December 10 - An ethics investigation by the International Olympic Committee (IOC) into South Korean gold medallist Moon Dae-sung over claims of plagiarism have been dropped, it was announced today.
IOC President Thomas Bach revealed the organisation's Ethics Commission had closed the case into 37-year-old Moon, who won an Olympic gold medal in taekwondo at Athens 2004 and been elected as a member of the Athletes' Commission in 2008.
He had been accused in April 2012 of plagiarising much of his doctorate thesis at Kookmin University, entitled "Effect of Proprioceptive Neuromuscular Facilitation (PNF) on Flexibility and Isokinetic Muscle Strength in Taekwondo Player".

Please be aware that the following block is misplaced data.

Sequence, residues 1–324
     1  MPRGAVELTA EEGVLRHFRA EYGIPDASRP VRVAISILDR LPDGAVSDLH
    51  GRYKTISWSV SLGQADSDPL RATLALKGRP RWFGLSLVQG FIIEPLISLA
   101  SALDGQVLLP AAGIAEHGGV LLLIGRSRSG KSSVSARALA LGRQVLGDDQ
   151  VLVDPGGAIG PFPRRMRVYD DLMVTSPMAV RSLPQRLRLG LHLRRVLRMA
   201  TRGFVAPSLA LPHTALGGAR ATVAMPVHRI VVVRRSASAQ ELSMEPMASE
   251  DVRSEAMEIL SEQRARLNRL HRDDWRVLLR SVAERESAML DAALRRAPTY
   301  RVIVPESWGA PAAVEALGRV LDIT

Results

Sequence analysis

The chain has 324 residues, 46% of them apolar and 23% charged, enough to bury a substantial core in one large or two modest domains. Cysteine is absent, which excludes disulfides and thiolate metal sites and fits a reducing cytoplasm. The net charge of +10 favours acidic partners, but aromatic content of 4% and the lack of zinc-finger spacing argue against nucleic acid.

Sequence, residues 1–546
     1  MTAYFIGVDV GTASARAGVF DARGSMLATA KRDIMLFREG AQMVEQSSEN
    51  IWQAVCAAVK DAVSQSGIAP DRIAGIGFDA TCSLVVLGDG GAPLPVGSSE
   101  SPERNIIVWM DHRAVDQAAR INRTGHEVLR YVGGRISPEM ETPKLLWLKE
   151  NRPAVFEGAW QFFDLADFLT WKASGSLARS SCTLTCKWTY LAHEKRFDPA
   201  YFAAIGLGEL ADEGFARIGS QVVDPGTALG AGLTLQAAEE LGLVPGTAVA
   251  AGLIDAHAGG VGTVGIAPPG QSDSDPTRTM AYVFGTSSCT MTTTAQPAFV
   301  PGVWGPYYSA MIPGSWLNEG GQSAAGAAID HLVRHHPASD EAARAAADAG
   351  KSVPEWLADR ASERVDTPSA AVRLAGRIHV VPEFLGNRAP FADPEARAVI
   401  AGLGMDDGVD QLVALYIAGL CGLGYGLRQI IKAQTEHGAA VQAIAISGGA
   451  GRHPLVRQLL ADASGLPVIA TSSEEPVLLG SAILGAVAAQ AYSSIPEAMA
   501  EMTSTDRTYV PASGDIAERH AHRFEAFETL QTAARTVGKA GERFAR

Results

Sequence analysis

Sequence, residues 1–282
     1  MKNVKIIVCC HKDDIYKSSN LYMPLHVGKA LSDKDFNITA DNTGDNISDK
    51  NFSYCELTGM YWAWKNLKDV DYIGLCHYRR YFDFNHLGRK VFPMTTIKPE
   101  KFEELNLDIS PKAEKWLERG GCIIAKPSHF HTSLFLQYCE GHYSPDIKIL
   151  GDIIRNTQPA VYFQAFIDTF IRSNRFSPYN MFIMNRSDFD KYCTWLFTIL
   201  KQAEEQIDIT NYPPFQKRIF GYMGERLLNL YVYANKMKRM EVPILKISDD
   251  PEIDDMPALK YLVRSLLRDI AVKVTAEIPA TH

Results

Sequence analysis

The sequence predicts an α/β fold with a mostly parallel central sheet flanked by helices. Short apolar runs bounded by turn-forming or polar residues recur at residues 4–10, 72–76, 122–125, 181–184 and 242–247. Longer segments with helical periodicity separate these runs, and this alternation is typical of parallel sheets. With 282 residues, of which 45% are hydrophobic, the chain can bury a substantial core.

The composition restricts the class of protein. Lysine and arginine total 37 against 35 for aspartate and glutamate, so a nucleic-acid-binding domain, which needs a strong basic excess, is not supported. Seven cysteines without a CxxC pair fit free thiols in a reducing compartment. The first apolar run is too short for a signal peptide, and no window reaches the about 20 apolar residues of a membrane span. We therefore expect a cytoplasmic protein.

But, despite repeatedly asking the University for its own findings, the IOC had never received a reply and had now decided to close the case, said Bach.
He did warn, however, that the case would remain on file.
"If new elements emerge, however, the case could be reconsidered," said Bach.
The accusation against Moon came shortly after he had successfully run to become a politician in the legislative district of Saha-gu under the ruling Saenuri Party.
He resigned from the party immediately the allegations became public.
In May, former Hungarian President Pal Schmitt, a double Olympic fencing gold medallist and IOC member since 1983, had been reprimanded by the Ethics Commission after a panel at Semmelweis University found his thesis had been plagiarised and revoked his academic title.
The scandal had forced Schmitt to step down as President of Hungary.
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May 2012: IOC member caught in plagiarism scandal offers to resign from university
April 2012: South Korean IOC member implicated in plagiarism scandal leaving new political career in balance